A major issue is that a wash completely froze over a waterline in Jeddito Chapter and residents downstream of that wash have no water service, he said.
In addition to crews from NTUA and NECA, Kontz is waiting for crews from Salt River Project to help with repairs.
There are about 22 crews working right now but in order to have the issue resolved by the end of the month, 15 additional crews need to be deployed.
In a press release Tuesday, Navajo Nation President Ben Shelly stated that the tribe is looking for $2.8 million in funding to pay for 15 additional crews and for operation of the tribe's Emergency Management Center, located inside the Navajo Division of Transportation complex in Tsé Bonito, N.M.
The funding request could be submitted either to the federal government or to the tribe but the administration is continuing to examine which agencies can assist, said Erny Zah, Shelly's communications director.
If the money were from the tribe, the likely source would be the Unreserved Undesignated Fund Balance, Zah said.
Also on Tuesday, Arizona Gov. Jan Brewer issued an emergency declaration for the Navajo Nation, the Hopi Tribe and parts of Apache, Navajo and Coconino counties.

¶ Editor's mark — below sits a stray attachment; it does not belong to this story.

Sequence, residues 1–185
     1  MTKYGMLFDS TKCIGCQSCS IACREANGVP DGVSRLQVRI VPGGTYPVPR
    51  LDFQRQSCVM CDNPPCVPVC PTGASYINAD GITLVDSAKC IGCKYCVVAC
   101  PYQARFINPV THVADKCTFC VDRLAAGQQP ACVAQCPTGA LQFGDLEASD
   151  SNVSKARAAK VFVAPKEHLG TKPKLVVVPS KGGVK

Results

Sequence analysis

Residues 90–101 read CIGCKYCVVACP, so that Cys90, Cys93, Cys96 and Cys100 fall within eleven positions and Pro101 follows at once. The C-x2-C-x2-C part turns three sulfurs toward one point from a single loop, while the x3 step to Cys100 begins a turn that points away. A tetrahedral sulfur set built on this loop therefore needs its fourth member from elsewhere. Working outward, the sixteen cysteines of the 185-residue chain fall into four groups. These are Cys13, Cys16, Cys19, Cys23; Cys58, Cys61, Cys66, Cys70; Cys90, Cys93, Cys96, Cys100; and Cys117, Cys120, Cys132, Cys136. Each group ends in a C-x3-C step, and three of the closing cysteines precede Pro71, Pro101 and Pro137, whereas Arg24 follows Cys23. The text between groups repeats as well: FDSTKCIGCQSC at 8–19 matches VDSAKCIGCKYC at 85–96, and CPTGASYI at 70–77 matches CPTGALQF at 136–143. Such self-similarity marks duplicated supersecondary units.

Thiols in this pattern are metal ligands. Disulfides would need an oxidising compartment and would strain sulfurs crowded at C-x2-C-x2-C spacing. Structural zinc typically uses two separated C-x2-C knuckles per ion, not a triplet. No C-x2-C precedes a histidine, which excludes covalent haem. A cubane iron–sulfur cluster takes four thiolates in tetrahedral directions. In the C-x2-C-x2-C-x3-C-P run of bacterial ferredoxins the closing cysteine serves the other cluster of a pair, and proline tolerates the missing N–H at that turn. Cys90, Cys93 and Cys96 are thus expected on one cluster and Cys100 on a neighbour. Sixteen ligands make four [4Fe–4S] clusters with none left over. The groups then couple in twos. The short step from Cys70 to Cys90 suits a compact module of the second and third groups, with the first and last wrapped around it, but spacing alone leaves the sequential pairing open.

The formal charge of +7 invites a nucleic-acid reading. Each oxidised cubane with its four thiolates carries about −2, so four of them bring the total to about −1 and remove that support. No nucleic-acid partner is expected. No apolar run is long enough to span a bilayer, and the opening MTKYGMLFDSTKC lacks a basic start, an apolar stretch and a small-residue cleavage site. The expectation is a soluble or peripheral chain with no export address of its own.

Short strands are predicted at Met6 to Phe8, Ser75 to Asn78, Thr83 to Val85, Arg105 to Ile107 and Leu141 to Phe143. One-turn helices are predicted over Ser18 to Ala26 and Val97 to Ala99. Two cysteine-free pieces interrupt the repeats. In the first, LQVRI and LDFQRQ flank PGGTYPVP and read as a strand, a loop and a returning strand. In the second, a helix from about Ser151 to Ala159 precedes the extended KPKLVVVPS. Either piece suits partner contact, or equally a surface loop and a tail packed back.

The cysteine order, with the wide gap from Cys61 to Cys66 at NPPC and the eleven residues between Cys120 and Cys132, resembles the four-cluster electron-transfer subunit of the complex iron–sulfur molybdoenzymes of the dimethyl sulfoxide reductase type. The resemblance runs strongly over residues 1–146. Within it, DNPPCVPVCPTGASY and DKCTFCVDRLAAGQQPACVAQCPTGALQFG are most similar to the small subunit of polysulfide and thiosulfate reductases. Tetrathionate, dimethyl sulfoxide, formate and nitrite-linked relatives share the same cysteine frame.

Brewer also authorized $200,000 from the state's general fund to help the affected reservations and counties.
For those areas with restored service, individuals may notice the water is brown. In those cases, it is advised to boil the water.
When boiling water, health professionals recommend bringing the water to a boil for at least one minute then allowing it to cool before using.
It is also advised that boiled or bottled water be used for drinking, brushing teeth, washing dishes and food preparation.
Two semi-trucks delivered 80,000 pounds of bottled water and Gatorade to Window Rock as part of the effort to supply individuals affected by the water outage.
The Jan. 31 donation was made by St. Mary's Food Bank, which is based in Phoenix, along with assistance from Fry's in Phoenix and Home Depot and Safeway in Gallup.
The donation was delivered after Shelly and the tribe's Commission on Emergency Management declared a state of emergency Jan. 25.
Jerry Brown, in charge of media relations for the food bank, told FOX 10 News that the organization received the call for assistance Jan. 30 and plans were quickly set to make the delivery to Window Rock.
Emergency management team members Spencer Willie and Leila Help-Tulley watched as a forklift from Navajo Housing Authority stored the donation at the Navajo Nation Fairgrounds.
"One by one, it's happening," Help-Tulley said while watching each of the 22 pellets being placed inside Nakai Hall.
The donation was not stored for too long before being delivered to NTUA's district locations then distributed to those impacted by the outage.
Earlier in the week, a 6,500-gallon water tanker from the City of Flagstaff delivered water to Tuba City and the Arizona State Forestry Division also sent two 3,000-gallon potable water tankers to provide service on the Navajo Nation.